If you notice that some hens are no longer offering eggs, don’t be worried. They can have another use in the garden. Here’s a quick overview.
After two years, the laying hens generally experience a gradual decline in their egg-laying capacity. However, they should not be retired at this age and they will continue to produce eggs regularly for several years.
How long does a chicken live?
The lifespan of a chicken depends on many factors. The first, environmental, is the most important. A hen living on an industrial farm will have a life expectancy significantly shorter than a hen spending peaceful days in a garden. Access to varied and balanced food, clean water, a henhouse free of droppings, as well as a free outdoor living space and the absence of predators, such as foxes and martens, is essential to give chickens a long and happy life.
The second important factor is the breed of the hen. Many chickens today are called hybrids, because they have been selected for their quality as laying hens. The latter, if they lay more, live less long because the continuous production of eggs tires them more quickly.
Conversely, purebred chickens, like the Sussex, can reach the respectable age of 10 or 12 years (a red hen, the most common, will however hardly exceed 5 or 6 years). Ornamental hens, for their part, which produce fewer eggs (around 150 per year, whereas a laying hen produces between 200 and 300) have a longer life expectancy.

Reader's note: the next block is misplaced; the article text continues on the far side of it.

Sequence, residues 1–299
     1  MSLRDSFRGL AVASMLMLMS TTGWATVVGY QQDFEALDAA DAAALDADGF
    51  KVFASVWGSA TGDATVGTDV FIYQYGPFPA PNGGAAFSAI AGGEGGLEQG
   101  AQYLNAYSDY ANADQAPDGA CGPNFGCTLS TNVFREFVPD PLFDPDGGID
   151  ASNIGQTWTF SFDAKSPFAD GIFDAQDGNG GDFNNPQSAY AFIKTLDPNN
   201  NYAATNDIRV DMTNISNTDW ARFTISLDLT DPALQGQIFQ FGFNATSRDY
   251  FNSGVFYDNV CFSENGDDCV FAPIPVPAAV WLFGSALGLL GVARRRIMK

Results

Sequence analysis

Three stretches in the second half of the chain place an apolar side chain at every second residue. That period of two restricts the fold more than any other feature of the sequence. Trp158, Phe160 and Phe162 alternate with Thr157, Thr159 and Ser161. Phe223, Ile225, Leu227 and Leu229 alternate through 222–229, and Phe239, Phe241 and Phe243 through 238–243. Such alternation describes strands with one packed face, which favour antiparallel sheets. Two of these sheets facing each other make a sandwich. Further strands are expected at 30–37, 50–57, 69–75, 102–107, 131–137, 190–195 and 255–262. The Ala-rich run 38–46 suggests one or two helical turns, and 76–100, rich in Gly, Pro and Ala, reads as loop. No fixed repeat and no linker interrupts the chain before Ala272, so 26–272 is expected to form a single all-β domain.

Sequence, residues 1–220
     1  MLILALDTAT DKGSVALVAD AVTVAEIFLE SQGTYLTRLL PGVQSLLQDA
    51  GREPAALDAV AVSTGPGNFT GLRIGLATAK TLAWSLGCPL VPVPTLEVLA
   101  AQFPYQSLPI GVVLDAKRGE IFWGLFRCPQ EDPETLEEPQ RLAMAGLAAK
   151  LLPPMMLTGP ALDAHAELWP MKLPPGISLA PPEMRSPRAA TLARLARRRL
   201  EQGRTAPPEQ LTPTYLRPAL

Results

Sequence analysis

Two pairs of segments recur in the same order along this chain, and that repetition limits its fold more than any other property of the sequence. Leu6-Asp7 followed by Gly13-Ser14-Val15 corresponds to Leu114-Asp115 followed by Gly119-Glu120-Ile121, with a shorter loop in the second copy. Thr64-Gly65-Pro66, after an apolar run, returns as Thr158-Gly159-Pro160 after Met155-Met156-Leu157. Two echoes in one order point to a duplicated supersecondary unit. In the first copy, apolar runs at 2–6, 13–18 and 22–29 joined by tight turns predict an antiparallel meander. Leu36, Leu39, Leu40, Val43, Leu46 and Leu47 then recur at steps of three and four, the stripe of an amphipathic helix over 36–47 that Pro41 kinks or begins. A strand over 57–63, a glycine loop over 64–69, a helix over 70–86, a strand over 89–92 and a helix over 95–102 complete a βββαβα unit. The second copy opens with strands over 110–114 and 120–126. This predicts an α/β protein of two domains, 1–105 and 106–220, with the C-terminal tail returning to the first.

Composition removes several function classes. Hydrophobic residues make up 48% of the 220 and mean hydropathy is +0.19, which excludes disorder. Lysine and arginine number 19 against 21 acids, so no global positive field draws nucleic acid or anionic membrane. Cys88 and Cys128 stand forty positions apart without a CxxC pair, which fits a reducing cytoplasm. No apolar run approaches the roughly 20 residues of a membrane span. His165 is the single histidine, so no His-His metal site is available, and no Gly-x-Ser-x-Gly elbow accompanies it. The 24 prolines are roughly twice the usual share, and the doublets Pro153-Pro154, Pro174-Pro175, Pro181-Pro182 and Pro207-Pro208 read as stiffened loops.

A hen, laying or ornamental, can therefore live on average between 5 and 10 years in our gardens. Note that the Guinness Book of Records recorded the canonical age of 20 years and 304 days for Peanut, the world’s oldest known hen.
What to do with old hens who lay less?
In our grandmothers’ time, a hen that no longer laid eggs often ended up as a “potted hen”. A down-to-earth practice that is less common today, because our chickens, even when they no longer lay eggs, remain very useful to the life of the house.
Released into the vegetable garden at the end of the growing season, the chickens rid us of snails and slugs free of charge. By scratching the ground in search of worms, they also graciously help to aerate the soil, and the few droppings they leave here and there make an excellent fertilizer. Not to mention that they happily eat peelings and leftover food, thus helping to reduce the household waste tax.
Chickens also make excellent pets. They are perfect playmates for children and, with a little training, can even learn to perform little tricks that will amaze family and friends. Chickens are, indeed, very intelligent animals. If you have other animals, leave your “end of career” chickens with them. They will rid them of parasitic insects free of charge.